How old did that microphone look? It was very vintage. Hanging from it was a kazoo taped to a ring of wire. The last time I saw Petunia & the Vipers earlier in 2014, I described them as Americana painted dark; country music clouded with a punk outlook, kick-started with sheer rockabilly. But that was when Petunia was with his 5-piece band. He is presently touring with renowned old time string player Nathan M Godfrey and the result is roots music treasure — like finding that pocket watch your granddad lost years ago and it is still ticking.
The pair played Belfast in a deconsecrated church with the stain glass window as a backdrop. Support came in the form of Ciaran Lavery. The opening bars of his self-writ “Shame” from the Not Nearly Dark album were soft repetitive strings, quietly similar to that sense of going through the motions, just to get to the end of the day. His voice poured in like a sand fall. “Here it comes that awful sting when you let someone in/ You sit so bare in the lame legged chair”. He closed his eyes as he added another layer on the harmonica. With sparse guitar that left space for his slight tap of foot to be heard by the quiet room, he moved from low to loud. His chat and banter was easy but he somehow managed to fill his set with an onslaught of melodic insight on hope and hurt and longing way beyond his years.
When Petunia and Godfrey appeared on stage, Petunia had started the first of many astonishingly long notes for “Bicycle Song”. It seemed he was holding the note until we all settled. The guitars were chiming like the rotation of bicycle wheels while Petunia’s voice moved from riding over cobbles to freewheeling downhill. Then, seamlessly, the music transformed into a Hawaiian sounding instrumental that, as it became more recognisable, brought cheers and claps from the room. “The Cricket Song” took Petunia’s yodel to the fore. It travelled around the room and down the stairs. As the yodel changed to lyrics, the Elvis hip movements kicked in.
There was an ongoing roots history lesson between songs. Who sang what, when, who made it famous. Before “California Blues”, we were educated on Jimmie Rodgers, “the father of yodelling,” his recordings, and the TB that ultimately took him in 1933. It all suited that microphone, which turned out to be an Ear Trumpet Labs microphone. After performing at Pickathon, Petunia was asked to use the mike by Ear Trumpet because his voice, like no other, would show off its full capacity. They did seem perfectly suited.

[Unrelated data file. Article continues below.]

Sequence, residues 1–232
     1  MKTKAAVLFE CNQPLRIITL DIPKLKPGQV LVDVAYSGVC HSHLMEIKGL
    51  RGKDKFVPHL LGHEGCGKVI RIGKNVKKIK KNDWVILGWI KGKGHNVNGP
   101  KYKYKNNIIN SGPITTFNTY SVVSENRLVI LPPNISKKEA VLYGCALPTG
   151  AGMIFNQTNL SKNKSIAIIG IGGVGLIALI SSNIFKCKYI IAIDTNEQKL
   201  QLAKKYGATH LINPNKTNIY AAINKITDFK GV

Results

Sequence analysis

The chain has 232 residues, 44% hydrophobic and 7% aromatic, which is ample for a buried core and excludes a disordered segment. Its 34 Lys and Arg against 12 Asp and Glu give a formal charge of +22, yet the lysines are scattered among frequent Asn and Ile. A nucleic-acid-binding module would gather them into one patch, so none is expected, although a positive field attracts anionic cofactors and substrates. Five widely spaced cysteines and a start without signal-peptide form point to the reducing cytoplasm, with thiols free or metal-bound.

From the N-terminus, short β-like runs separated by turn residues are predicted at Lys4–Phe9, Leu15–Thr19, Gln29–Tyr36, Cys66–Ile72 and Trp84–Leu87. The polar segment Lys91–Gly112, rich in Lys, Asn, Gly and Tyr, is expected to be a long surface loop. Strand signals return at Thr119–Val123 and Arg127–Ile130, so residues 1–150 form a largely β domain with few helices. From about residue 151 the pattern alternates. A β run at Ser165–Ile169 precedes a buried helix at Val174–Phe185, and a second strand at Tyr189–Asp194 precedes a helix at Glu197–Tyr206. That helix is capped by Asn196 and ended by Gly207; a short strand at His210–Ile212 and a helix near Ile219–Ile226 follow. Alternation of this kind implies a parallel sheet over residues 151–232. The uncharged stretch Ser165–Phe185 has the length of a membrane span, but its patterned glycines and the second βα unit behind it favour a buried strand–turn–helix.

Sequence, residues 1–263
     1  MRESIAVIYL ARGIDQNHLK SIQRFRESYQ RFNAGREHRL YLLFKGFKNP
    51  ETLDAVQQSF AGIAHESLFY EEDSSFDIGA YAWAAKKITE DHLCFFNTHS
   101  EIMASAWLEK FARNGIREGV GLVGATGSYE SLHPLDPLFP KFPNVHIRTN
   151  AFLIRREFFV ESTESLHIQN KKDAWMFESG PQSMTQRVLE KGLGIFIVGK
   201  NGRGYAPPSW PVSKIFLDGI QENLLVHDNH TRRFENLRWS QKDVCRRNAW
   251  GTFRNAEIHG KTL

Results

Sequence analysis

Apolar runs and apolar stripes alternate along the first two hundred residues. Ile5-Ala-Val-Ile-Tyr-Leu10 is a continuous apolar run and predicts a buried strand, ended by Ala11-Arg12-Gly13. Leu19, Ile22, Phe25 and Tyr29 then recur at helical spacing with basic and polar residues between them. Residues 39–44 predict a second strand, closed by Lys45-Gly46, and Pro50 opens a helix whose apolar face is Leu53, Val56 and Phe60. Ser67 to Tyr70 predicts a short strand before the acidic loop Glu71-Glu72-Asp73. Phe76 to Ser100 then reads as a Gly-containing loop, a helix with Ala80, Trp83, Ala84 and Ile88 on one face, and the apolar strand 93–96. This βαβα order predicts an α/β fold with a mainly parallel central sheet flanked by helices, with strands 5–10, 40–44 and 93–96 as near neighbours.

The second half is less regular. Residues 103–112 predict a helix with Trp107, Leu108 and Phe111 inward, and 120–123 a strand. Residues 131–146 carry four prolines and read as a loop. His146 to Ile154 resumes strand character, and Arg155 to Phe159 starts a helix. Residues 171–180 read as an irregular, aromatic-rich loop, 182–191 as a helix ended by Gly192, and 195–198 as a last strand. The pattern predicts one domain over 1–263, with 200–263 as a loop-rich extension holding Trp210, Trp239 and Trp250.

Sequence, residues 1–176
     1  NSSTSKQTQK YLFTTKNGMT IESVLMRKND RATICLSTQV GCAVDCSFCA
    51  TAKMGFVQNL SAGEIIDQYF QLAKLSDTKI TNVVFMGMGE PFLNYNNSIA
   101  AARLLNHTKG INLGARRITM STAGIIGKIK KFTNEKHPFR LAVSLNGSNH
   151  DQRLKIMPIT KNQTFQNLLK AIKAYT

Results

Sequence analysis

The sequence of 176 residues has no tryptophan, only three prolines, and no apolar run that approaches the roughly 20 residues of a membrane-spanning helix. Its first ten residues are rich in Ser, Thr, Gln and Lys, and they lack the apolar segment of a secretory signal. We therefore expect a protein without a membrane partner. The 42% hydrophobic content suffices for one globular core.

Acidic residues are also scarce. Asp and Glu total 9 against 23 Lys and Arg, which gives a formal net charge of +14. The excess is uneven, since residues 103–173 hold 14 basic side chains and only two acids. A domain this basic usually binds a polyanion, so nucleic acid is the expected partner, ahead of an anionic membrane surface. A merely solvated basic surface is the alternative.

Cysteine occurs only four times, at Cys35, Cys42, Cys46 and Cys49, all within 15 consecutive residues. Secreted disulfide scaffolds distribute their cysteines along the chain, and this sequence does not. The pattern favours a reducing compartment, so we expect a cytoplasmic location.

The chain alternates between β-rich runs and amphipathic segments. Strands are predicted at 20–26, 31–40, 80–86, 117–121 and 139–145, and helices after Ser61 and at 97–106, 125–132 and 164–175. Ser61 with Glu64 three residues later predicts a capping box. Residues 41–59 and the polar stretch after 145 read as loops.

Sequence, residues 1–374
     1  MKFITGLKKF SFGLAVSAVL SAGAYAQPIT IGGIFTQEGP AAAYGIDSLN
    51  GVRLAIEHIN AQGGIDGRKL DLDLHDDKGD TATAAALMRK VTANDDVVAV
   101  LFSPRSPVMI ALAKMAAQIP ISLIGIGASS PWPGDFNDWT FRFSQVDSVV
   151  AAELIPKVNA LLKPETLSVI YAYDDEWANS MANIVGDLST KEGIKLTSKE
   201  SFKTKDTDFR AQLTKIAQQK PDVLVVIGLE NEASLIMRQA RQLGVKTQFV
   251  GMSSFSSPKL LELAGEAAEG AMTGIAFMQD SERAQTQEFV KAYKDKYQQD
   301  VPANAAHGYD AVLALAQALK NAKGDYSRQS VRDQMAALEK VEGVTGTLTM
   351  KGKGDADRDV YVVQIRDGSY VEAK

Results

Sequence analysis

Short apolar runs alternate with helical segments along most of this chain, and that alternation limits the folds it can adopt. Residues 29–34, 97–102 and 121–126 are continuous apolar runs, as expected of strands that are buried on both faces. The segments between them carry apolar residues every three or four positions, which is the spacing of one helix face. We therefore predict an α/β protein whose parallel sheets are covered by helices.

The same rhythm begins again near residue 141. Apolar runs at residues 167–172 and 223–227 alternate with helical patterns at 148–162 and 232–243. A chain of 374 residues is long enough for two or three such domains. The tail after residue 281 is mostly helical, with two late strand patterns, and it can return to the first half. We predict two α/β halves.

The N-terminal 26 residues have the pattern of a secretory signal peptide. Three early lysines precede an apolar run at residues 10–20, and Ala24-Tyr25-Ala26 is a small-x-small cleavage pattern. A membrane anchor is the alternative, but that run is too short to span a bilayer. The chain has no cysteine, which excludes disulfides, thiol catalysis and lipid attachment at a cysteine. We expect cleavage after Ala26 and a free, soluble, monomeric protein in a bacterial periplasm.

“Forgotten Melody” is from Petunia’s latest album Inside of You. With his voice sounding staccato initially and his foot tapping, he graduated away from the microphone as the song became louder. Godfrey was blazing through some Django Reinhardt speeding train chords in the background, then the kazoo kicked in like the horn on a 1928 Ford Coupe chasing alongside it.
Godfrey left the stage for Petunia to perform “Inside Of You”, the title track of the new album. It was a masterpiece, offering an unfathomable melody, beautiful guitar and undulating vocals that only Petunia could employ in this way. The singing stopped near the end for spoken word. “The damaged ones among us rule our sick and diseased society” he told us in a testimony that honed a path to the ultimate line “Believe in yourselves, it’s the hardest thing you’ll ever have to do.”
Well-loved tracks from the 2011 self-titled Petunia & the Vipers album pleased the hell out of us too. Parts of the audience had steadily become raucous over the course of the night. Songs like “Mercy” un-closeted the out of time clappers and holler-ers. The last time I had seen this signature track performed it was by the full Vipers 5-piece, with a magnificent almost big-band feel to it.
Tonight was “Mercy” in its purest form. It was stripped back, acoustic, two men and that microphone. Did I notice the absence of Stephen Nikleva’s guitar and Jimmy Roy’s lapsteel? Yes of course I did. However the brilliance of Nathan M Godfrey’s playing made this version all his own. Petunia yodelled and roared and growled while Godfrey, in a human manifestation of understatement, made it all look easy.
Lucille (from the album Inside Of You) was a warm and beautifully strange love song. Godfrey had been shape shifting from his NRP 14 fret resonator guitar to mandolin all night, and for this the mandolin was floating above the vocals like a bee. “I need you like the flowers call for the dew” sang Petunia as his pauses and nuances held us close to the song’s chest.
Last song of the night was Hoagy Carmichael’s “Stardust”. Godfrey was back on the resonator while Petunia’s voice simply muted us. The last note of refrain wavered for as long as the guitars were played. Petunia stepped back and strummed. Then with a “good night everyone” the square was circled. The stretched note that Petunia hushed us with at the start of the show had gone on a 360 degree journey through The Great Plains; and was met by his last note of the evening back on stage. The sound engineer removed the kazoo from the mike stand. It was done gone over.